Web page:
Istvan Nadas was born in Hungary where he began his musical studies at the age of ten. He studied piano under Louis Kentner and Bela Bartok, composition under Zoltan Koday and chamber music under Leo Weiner.
Once launched on his career as concert pianist, he appeared frequently with the Budapest Philharmonic, his repertory including standard works in addition to less usual ones by Bartok, Stravinsky, and Honegger. Until the beginning of World War II, Nadas toured Europe extensively, but with the beginning of hostilities he had the misfortune to be put into a German concentration camp. His bitter experience left its marks, but did not take from him the ability or desire to continue his career.
After the end of the war Istvan Nadas appeared at the Bach Festival in Rome and won a high decoration from the Italian government. Then came the decision to settle in Venezuela where he became head of the Post-graduate Piano Course at the National Conservatory of Music. There followed numerous recitals in South and Central America. As a citizen of Venezuela, Nadas represented his adopted country at the International Music Festival in Venice, playing for the first time in Europe a recital composed entirely of modern Venezuelan composers.
Since 1953, at the invitation of Xavier University of Louisiana, he has been teaching piano master classes at this university. He has appeared as soloist several times with the New Orleans Philharmonic Orchestra under Alexander Hilsberg. On the occasion of his New York Town Hall concert on October 5, 1954 the critics were enthusiastic about his “technique, musicianship, breadth of taste, freshness and individuality of vision,” his “ease and dramatic poetry,” his “tenderness, sensitive tone adjustments.” To a man they were amazed at the fact that “in a program that would have tested the capacities of the giants of the keyboard he more than held his own.” The contents of this formidable program in which Mr. Nadas distinguished himself included a Bach Partita, Beethoven’s Hammerklavier Sonata, a ProkofieffSonata, a Chopin Ballad and DeFalla’s Baetica. Among his recordings are Beethoven Piano Sonatas(The Tempest, The Appassionata and the Les Adieux) on Period Records SPL-729, Schubert: Wanderer Fantasie and Moments Musicaux on Period Records SPL-719, J.S.Back : Two and Three Part Inventions on Repertoire Records RM 819, J.S.Bach’s Well-Tempered Clavier Books I +11 on Repertoire Records and 2 Volumes on Period Records of Contemporary composers. He was most famous for his performances of the cycle of the complete 32 Beethoven Sonatas and cycle of the complete Beethoven Concerti. He was an outstanding Bach specialist who performed many times at the famous Carmel Bach Festival in Carmel California.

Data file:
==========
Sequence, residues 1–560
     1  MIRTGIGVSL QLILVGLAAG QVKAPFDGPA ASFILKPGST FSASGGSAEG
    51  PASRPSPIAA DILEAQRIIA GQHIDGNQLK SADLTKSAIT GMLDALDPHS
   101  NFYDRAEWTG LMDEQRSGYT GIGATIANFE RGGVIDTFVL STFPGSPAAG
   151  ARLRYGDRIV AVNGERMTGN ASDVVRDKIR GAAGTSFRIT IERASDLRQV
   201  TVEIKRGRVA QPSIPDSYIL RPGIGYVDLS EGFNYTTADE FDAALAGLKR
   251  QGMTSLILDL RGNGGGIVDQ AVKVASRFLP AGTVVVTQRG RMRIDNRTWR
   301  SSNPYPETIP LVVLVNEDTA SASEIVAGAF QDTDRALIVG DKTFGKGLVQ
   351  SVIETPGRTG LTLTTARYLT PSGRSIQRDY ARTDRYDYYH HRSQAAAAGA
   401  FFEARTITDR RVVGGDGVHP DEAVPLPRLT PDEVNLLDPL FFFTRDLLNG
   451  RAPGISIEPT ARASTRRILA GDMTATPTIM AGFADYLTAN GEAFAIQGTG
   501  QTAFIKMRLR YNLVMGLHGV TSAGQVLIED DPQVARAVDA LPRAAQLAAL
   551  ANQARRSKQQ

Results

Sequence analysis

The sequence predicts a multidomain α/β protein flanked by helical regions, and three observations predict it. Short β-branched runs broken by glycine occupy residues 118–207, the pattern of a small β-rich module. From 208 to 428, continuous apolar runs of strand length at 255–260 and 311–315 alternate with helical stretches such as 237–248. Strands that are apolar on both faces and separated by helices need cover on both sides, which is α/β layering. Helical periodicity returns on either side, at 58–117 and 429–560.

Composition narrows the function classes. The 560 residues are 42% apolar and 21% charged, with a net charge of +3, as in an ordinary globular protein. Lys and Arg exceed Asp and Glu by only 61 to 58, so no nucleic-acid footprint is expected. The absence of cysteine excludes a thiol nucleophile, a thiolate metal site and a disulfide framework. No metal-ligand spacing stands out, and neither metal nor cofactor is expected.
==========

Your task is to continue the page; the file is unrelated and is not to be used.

Mr. Nadas was a Professor of Piano at San Francisco State University from 1965 to 1968. From there he founded the Doctoral Program in Piano at Washington State University, continued to travel and concretize throughout the world including the program in music at Grass Valley Nevada. He subsequently took a teaching position in Mexico City, Mexico and spent much time in Italy and Europe. He passed away quietly in Mexico in the year 2000. He leaves behind many grateful students, colleagues, friends and family members, one of which is his son, Dr. John Nadas, Professor of Musicology at University of North Carolina at Temple Hill.